CARMICHAEL, Calif. — As the Medical Director for Mercy San Juan Medical Center's Emergency Department, Dr. Nicole Braxley is experiencing the coronavirus pandemic unlike anyone who is not a medical worker.
Her Carmichael hospital was in the middle of a busy flu season when the news from China broke about the novel coronavirus.
"Personally, I thought to myself, 'It's a virus, guys. We got this,'" recalled Dr. Braxley, who has more than 10 years of experience working in the medical field.
But her perspective quickly changed when she learned more about the high transmission rate.
While the mortality rate may not be as high as some of the other outbreaks that have happened in recent years, such as Ebola or SARS, the ease of transmission of COVID-19 is alarming, she said.
The good news for hospitals across the country is that emergency room visits are down, Dr. Braxley said. This is likely due to stay at home orders by government officials and warnings for the public not to go to hospitals unless they are very sick, she said.
Many medical providers have the same general anxiety about getting sick from coronavirus as the general public, Dr. Braxley said. The only difference is that many healthcare workers are coming into contact with people who have the virus.
Some healthcare workers have made the decision to live away from their families during this period to keep from the potential of exposing their families. Dr. Braxley lives with her husband and two small children and made the decision to live at home during the outbreak.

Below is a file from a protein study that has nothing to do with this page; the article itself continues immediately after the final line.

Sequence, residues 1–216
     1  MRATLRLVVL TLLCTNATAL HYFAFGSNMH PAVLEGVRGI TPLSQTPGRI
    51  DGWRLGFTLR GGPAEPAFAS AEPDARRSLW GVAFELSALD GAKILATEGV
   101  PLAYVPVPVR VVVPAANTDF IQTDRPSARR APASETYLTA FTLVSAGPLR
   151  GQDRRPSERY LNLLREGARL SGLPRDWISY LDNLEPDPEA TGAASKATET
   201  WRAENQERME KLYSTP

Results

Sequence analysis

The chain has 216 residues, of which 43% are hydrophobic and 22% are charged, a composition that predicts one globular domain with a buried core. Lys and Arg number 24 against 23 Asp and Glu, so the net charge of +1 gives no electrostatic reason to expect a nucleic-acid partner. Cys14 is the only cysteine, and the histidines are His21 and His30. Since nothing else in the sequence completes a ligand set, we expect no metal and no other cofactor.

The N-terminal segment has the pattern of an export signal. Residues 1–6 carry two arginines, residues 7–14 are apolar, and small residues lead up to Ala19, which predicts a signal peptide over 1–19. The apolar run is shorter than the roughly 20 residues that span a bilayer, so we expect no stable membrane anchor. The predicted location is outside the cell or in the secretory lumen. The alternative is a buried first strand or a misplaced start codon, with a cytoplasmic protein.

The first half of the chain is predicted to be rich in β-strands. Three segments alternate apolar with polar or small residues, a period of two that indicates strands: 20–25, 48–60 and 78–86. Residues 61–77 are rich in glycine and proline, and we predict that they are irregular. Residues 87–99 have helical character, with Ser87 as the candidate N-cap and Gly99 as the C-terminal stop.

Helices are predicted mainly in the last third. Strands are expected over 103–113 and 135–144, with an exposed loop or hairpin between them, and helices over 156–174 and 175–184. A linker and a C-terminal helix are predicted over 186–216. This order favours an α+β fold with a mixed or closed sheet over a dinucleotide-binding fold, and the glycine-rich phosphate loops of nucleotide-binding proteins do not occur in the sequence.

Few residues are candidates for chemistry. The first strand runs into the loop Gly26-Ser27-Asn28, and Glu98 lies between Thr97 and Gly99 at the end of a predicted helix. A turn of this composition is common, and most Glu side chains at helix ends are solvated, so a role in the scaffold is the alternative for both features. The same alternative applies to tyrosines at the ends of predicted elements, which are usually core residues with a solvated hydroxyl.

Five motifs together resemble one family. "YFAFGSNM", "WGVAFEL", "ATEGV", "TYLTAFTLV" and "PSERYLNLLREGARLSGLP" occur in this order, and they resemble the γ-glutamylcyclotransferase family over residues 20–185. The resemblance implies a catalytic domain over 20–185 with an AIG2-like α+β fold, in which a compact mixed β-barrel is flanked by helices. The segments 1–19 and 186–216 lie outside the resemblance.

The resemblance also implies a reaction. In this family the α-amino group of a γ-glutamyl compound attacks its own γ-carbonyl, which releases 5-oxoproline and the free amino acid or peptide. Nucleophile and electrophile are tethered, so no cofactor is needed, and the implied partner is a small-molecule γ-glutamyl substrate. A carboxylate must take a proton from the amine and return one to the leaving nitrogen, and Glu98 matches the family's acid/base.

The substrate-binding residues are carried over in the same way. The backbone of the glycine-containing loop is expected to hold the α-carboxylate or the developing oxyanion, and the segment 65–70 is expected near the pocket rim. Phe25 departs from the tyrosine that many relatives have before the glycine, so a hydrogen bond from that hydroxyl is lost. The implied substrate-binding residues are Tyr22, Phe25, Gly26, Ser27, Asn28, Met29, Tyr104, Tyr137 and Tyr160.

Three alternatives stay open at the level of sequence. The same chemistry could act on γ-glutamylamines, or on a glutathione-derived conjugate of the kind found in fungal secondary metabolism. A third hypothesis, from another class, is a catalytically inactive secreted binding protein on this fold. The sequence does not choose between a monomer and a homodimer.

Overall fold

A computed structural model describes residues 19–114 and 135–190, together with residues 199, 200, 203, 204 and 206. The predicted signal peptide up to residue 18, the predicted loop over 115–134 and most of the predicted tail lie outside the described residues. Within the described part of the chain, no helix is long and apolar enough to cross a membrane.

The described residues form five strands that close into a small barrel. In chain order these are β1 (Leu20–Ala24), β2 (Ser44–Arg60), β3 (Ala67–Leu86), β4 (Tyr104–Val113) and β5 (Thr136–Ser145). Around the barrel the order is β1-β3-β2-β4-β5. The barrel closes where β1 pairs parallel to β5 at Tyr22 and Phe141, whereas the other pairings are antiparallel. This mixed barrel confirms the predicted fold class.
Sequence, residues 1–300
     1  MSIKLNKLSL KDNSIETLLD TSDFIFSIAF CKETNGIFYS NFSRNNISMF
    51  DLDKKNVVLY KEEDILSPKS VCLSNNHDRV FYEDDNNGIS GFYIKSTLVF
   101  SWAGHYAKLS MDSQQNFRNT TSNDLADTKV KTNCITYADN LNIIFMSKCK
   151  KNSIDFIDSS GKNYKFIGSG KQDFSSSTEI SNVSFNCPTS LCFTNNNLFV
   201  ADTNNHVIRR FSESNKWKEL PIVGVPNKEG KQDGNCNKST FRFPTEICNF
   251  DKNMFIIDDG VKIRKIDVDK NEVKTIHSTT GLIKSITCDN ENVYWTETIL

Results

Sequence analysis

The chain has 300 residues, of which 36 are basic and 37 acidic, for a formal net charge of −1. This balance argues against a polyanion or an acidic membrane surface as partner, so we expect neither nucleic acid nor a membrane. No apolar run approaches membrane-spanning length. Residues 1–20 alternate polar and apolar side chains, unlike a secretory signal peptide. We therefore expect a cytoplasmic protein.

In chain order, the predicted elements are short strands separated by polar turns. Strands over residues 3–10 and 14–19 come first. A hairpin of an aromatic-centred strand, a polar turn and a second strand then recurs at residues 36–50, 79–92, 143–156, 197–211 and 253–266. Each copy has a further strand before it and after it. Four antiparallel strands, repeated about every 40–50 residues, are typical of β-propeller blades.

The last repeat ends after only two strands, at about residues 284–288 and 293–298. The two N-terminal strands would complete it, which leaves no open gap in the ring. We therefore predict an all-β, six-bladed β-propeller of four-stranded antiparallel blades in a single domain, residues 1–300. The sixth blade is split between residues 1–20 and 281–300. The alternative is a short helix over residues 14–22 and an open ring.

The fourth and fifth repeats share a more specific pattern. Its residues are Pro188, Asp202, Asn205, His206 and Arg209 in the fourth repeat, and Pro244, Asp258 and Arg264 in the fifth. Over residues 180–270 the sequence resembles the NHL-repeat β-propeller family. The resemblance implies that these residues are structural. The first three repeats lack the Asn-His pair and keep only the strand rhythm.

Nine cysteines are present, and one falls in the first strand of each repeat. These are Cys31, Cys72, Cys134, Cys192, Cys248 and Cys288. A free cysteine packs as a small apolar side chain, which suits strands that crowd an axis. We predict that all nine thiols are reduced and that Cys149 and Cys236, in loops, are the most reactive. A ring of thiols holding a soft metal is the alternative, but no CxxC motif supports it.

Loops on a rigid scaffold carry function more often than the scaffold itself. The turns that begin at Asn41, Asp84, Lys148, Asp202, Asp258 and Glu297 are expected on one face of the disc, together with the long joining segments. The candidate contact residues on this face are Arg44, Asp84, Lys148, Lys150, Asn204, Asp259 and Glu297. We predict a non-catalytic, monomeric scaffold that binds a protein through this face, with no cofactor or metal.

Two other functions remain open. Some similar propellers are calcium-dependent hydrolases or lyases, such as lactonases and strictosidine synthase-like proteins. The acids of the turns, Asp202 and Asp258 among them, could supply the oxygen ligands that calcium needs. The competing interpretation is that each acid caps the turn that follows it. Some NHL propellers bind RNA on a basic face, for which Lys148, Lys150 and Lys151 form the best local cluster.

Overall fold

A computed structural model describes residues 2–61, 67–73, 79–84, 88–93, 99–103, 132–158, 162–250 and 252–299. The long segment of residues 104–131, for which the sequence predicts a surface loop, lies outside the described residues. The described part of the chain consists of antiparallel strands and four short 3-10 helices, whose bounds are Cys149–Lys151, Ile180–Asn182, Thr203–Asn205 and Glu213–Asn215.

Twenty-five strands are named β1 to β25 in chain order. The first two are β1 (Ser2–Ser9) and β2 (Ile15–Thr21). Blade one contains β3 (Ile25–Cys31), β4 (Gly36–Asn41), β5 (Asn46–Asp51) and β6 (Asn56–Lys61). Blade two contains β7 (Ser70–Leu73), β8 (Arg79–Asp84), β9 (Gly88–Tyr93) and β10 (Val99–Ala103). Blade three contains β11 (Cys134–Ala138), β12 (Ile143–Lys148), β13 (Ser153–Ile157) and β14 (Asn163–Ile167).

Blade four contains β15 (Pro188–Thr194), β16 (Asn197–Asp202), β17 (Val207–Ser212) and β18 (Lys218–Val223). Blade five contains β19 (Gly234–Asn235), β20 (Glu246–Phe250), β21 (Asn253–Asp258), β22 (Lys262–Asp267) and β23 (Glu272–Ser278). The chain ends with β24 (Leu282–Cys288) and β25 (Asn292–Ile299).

While it’s still too early to tell what the future may bring, Dr. Braxley said she does have concerns that the state of California may see a surge of patients in the coming weeks.
"Everyone in the emergency department in general is in high spirits," Dr. Braxley said. "We're feeling good about it, but we're also just kind of anxious to see what the afterlife is like, and when we can kind of go back to our normal mold, daily lives, go home to our families, and be social again."
Medical facilities have been strapped for personal protective equipment (PPE) like face masks, gowns, and shields meant to protect healthcare workers from getting sick.
What was unexpected for her was the tremendous amount of community support. Folks have dropped off food, masks, and sent many thank you cards.
"We've had a really lovely response from the community which is so incredibly appreciated," Dr. Braxley said.
If you are wondering if there is anything healthcare workers need right now, Dr. Braxley says it’s to keep staying home so that hospitals and emergency departments don’t get overwhelmed.
Follow the conversation on Facebook with Giacomo Luca.
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